It's been said that when great changes are afoot, so are great opportunities. That certainly looks true for the cloud and the decades-long pursuit for greater openness in enterprise infrastructures.
The argument is a logical one: once enterprises move data and applications off their proprietary infrastructures, open formats are the only way to ensure compatibility with whatever systems and architectures they encounter. Granted, enterprises could always insist that their data conform to a given platform, but that would severely hamper the very flexibility that clouds are supposed to provide.
This is certainly good news for the Linux community, which is actively seeking to get in on the ground floor of enterprise cloud deployments. Red Hat, for example, just released the Enterprise Virtualization 3.0 platform that some say finally kicks the feature set of the KVM hypervisor up to VMware and Microsoft levels. The new version's management system runs as a Java application under the JBoss Enterprise Application Platform, where it has been stacked with new features such as improved self-provisioning, local storage support and an integrated RESTful Web services API. It has already received the backing of some of the top enterprise vendors like Intel, HP and Cisco.
Meanwhile, open source alternatives are popping up elsewhere in the enterprise cloud stack; even the operating system. Piston Cloud Computing offers what it says is the first cloud OS based on the OpenStack platform. The Linux-based Piston Enterprise OS (pentOS) distribution uses the company's Null-Tier architecture to combine compute, storage and networking on the node level, providing greater scalability at lower cost than proprietary solutions. The system can be deployed in 10 minutes and can access any OpenStack-compatible environment such as RackSpace, Dell and Amazon.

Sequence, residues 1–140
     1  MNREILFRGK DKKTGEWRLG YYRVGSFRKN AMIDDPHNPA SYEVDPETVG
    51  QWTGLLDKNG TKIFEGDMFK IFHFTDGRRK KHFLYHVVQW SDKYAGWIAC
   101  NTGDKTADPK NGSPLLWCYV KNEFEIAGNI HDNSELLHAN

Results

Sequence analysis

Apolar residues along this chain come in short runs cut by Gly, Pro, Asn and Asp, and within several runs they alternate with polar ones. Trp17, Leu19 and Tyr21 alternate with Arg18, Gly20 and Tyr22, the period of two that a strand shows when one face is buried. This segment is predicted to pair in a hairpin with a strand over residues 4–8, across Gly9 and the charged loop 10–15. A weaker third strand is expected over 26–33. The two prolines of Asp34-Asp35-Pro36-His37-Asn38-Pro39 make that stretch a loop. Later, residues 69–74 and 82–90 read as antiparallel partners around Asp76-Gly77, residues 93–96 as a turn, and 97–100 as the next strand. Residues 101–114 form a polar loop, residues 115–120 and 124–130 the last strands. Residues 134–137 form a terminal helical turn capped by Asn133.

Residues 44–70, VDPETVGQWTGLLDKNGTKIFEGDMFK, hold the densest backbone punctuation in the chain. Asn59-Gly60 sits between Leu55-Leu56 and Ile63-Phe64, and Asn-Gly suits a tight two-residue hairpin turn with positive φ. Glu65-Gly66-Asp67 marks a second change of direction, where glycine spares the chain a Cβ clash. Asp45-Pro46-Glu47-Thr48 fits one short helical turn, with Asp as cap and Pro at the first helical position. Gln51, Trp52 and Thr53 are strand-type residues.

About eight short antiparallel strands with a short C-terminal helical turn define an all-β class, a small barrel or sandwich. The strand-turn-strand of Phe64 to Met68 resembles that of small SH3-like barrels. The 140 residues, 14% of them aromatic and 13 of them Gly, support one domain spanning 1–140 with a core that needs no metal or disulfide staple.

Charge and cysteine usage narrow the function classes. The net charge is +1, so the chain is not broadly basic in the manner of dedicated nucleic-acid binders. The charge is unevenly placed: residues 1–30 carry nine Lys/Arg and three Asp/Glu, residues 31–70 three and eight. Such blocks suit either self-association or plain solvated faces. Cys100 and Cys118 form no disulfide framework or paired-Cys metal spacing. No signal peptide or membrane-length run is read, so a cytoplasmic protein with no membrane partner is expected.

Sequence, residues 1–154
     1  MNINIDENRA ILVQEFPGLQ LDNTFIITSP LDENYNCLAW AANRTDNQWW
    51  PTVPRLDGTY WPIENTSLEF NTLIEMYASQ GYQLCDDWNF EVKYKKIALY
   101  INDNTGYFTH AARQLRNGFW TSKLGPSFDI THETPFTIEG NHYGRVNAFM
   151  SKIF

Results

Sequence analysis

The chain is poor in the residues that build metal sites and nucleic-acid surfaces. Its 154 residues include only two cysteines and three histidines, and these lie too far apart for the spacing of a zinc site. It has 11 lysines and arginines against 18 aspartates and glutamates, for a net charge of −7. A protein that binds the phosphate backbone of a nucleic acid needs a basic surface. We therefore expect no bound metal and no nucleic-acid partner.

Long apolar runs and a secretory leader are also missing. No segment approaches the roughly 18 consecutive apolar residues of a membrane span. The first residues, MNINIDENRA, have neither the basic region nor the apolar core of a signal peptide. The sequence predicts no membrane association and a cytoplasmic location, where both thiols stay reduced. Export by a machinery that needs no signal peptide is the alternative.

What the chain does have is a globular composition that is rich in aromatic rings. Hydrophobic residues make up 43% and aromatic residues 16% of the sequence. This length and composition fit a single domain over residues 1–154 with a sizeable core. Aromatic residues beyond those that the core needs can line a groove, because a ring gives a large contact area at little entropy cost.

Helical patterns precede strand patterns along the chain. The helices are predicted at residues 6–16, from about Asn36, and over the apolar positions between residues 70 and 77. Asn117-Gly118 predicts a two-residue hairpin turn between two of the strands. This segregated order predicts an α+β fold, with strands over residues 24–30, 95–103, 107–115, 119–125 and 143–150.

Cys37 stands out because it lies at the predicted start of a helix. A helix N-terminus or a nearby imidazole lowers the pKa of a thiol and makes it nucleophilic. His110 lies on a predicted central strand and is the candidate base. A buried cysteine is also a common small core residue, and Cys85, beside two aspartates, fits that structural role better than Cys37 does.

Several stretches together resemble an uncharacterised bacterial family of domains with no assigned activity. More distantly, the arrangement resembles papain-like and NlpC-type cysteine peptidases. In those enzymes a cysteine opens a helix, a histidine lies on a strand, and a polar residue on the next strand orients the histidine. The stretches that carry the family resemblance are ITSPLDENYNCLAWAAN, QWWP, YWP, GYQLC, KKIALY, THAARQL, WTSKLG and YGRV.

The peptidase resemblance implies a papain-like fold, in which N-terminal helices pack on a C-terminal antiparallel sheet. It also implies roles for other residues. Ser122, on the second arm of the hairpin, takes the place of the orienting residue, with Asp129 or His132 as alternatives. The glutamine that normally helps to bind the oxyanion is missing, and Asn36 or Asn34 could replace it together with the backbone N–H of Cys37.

The cloud, of course, is all about services so it would help if enterprises had an open platform to integrate existing service architectures with those on the cloud. That seems to be the goal of The Open Group's latest initiatives: a new SOA reference architecture and the Service-Oriented Cloud Computing Infrastructure Framework (SOCCI). The idea is to support a vendor-neutral common language to bridge the gaps that many services encounter when trying to coordinate with each other on the cloud. Through a shared terminology, services should be able to operate within a wider universe without having to recode and remap individual architectures.
And, since the cloud relies on network infrastructure to drive dynamic data environments, more openness on the grid may be warranted, as well. Big Switch Networks recently issued an open source version of the OpenFlow Controller as part of the Software-Defined Networking (SDN) initiative. Dubbed Floodlight, the system monitors and maintains control data from OpenFlow-compatible switches from a server-based environment, rather than directly on the switch itself. This provides for greater management centralization and more efficient distribution of network services. The system is available under an Apache 2.0 license along with Hadoop and OpenStack.
Open source proponents say that not only are today's platforms much more flexible and feature-laden than their ancestors of the data silo age, but provide much greater reliability and developer support, as well. The internet, after all, is based largely on open-source technology so if the enterprise wants to play on that field, it needs to adjust to someone else's turf.